Arikira, Bakken, Crime, Fort Berthold Reservation, Hidatsa, Mandan, Oil & Gas, oilfield, Three Affiliated Tribes
On an early morning last June, on the Fort Berthold Indian Reservation in western North Dakota, tribal officer Nathan Sanchez was nearing the end of his shift when he noticed a frantic stirring in the cattails alongside the road. A girl emerged. Her jeans were wet, her halter-top fallen to her waist. Sanchez approached in his car to ask what had happened. The girl, in hysterics, mumbled that she had been raped and took off running.
Sanchez caught her on foot. He saw she was white—not a member of the tribe. “Ma’am,” he recalled saying, though she was only 16, “I know you’re upset, but I need to get you out of here.” He wrapped her in a blanket and led her to the car. Was the man who raped her Indian, he asked? She said he was.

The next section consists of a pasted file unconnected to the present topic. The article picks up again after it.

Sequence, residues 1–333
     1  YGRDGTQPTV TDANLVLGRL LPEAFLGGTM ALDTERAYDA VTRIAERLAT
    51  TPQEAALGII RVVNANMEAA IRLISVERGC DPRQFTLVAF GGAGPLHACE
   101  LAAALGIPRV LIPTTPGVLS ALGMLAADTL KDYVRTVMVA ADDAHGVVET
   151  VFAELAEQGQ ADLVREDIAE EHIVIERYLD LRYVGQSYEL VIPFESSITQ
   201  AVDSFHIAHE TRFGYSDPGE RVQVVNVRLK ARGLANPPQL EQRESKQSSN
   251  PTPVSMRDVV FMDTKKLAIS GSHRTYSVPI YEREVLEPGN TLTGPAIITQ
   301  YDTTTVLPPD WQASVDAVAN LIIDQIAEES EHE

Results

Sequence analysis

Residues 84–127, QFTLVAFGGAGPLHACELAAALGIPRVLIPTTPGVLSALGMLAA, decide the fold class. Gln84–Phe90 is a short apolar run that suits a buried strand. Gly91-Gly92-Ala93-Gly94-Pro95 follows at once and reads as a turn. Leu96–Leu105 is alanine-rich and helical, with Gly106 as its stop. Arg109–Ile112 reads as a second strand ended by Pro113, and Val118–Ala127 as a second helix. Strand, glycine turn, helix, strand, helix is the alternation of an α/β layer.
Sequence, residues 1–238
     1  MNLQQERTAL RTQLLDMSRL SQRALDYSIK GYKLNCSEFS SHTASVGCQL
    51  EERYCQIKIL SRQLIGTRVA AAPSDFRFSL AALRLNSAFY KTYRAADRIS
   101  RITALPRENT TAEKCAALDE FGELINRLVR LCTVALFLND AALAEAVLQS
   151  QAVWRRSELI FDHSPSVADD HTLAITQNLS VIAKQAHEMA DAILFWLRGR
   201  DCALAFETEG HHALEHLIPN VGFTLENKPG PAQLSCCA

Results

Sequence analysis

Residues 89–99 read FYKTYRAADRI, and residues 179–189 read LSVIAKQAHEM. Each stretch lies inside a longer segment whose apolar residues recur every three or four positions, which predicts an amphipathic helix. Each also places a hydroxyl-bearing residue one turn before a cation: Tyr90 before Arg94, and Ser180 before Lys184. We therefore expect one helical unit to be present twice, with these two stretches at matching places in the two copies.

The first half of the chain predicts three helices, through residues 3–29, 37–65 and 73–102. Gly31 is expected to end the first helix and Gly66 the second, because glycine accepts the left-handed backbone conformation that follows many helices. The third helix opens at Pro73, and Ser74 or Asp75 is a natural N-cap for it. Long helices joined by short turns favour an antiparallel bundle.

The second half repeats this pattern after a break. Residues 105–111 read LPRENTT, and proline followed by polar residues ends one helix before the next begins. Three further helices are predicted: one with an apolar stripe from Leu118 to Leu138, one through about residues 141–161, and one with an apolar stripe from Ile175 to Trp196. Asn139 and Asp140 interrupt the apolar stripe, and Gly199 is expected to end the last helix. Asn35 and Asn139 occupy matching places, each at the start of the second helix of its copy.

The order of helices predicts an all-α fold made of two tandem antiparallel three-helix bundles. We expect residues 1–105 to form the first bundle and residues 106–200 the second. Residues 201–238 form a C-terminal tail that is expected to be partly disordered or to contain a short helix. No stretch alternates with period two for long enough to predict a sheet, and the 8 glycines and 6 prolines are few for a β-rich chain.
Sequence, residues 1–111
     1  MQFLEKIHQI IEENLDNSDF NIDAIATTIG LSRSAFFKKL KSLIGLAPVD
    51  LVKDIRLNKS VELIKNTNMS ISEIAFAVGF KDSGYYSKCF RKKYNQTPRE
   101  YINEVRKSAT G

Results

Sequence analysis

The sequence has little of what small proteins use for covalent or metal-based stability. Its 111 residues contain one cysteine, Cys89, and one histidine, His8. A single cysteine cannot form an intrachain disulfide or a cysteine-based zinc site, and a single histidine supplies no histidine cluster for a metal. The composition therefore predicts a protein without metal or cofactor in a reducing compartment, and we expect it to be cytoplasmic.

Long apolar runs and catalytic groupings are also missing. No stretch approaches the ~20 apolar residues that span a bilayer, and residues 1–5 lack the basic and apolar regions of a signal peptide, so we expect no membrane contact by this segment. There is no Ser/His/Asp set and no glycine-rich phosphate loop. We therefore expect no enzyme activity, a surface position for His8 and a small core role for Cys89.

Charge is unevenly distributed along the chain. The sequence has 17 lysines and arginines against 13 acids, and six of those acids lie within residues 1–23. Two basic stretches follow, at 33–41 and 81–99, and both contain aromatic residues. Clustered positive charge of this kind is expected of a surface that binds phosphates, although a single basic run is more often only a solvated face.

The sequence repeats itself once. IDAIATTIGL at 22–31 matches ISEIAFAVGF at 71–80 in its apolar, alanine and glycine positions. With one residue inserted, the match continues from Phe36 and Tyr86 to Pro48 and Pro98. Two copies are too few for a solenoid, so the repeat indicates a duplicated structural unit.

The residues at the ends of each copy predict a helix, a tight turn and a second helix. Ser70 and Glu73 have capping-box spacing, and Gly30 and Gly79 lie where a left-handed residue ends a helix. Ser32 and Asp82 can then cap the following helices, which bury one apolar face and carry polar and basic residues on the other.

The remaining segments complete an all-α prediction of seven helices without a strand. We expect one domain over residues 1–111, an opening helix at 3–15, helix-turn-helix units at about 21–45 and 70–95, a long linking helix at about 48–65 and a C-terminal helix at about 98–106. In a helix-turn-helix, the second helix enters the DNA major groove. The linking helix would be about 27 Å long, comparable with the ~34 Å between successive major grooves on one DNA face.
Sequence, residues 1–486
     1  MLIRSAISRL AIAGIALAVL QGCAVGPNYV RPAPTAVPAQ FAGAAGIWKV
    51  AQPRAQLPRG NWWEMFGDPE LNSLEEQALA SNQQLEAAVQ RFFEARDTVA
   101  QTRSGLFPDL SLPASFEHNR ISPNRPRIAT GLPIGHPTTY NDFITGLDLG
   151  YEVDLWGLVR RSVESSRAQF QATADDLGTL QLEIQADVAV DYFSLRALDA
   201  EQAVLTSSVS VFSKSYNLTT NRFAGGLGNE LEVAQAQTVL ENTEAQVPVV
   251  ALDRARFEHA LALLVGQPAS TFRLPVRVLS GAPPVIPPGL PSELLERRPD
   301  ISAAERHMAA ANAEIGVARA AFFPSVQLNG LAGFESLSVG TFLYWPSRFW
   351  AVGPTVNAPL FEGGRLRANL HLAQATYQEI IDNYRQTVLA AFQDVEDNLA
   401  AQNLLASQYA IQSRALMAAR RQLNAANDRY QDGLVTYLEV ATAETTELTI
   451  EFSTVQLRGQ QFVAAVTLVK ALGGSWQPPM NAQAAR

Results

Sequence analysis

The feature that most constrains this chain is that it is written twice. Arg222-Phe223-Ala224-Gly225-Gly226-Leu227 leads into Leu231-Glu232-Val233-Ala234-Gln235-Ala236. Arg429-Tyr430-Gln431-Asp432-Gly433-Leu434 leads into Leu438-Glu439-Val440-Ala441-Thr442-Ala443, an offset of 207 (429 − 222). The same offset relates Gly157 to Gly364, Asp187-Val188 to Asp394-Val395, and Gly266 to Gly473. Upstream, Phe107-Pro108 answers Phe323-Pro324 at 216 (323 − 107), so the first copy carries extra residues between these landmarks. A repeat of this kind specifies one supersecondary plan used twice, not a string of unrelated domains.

Sanchez met Criminal Investigator Angela Cummings at the police station in New Town, a low brick building that doubles as the Civic Center, and Cummings took the girl into a private room. The victim had run away from Texas to find her father who worked in the Bakken oilfields. He had refused to let her stay with him, and in the weeks that followed, she’d lived with an acquaintance on the reservation.